However some may only define youth, especially by age as they can be seen to have a vested interest for their own personal gain, their motivations may be different as the media for instance may have an interest to inform, whereas connection service see youth at the age of â€¦â€¦â€¦â€¦â€¦â€¦â€¦â€¦â€¦â€¦â€¦â€¦â€¦â€¦ as they have an interest in improving the lives of youth by ways of empowering them into looking for work or improving their educational needs to enable them to work, wheras the high street stores such as newlook, topshop/topman aim their establishments at youth as for private gain in making money from them.
In conclusion as to why youth is so difficult to define, as it is quite diverse and complex and there are numerous reasoning behind the concept of youth from nature v nurture to cultural and sociological explanations it also varies globally as their values and beliefs differ from others therefor as jones notes (2010) ‘when youth is taken to mean age, then it really is just a word’. Therefore the concept of youth will always be difficult to define as there is no neutral definition and we all define the concept of youth in many different ways.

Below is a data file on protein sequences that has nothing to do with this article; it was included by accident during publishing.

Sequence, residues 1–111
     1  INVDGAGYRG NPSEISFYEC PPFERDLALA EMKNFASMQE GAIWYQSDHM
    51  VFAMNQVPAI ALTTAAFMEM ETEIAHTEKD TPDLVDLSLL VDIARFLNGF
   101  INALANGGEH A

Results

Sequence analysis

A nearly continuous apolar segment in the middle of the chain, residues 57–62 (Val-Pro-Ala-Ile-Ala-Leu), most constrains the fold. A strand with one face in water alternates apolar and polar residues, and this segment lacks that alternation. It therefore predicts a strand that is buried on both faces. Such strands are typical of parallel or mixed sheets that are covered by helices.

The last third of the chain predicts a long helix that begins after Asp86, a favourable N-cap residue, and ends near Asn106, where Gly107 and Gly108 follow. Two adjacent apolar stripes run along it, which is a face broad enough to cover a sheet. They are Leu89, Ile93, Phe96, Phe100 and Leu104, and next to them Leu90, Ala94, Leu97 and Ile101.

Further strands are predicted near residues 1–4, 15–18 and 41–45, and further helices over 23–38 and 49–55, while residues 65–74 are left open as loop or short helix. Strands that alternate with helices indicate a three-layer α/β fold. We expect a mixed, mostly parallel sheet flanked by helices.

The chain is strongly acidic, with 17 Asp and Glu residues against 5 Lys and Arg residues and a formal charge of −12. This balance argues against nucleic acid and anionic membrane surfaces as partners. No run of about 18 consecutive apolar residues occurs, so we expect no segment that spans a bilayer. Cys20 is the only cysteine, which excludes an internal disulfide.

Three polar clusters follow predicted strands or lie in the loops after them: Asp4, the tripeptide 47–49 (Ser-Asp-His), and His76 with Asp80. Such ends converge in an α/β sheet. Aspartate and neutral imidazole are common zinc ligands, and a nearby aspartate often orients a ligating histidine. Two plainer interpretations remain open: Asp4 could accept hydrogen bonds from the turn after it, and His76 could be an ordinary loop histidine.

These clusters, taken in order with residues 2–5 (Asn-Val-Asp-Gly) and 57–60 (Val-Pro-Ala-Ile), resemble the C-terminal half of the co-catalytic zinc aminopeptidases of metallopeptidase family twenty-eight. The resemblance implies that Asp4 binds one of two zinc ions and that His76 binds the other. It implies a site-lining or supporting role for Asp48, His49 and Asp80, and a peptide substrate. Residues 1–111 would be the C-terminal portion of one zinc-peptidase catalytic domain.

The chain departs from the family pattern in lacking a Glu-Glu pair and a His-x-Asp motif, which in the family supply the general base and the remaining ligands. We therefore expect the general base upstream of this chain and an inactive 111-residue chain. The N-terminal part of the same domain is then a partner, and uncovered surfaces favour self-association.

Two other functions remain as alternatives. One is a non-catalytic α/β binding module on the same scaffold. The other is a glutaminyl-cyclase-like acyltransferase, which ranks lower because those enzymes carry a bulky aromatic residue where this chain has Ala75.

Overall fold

Social and Human Sciences
the concept of youth
Heywood, C. (2001) A history of childhood, Cambridge: polity press.
Kehily M.J. (2007) Understanding Youth: Perspectives, Identities and Practices. Milton Keynes:Open University Press.
Roche, J, et al. (2004) youth in society, 2nd ed, London: sage publications.
Kessem, D, et al (2010) Key issues in childhood and youth studies. Oxon: Routledge.
Jones, G. (2009) Key concepts: youth. Cambridge: polity press.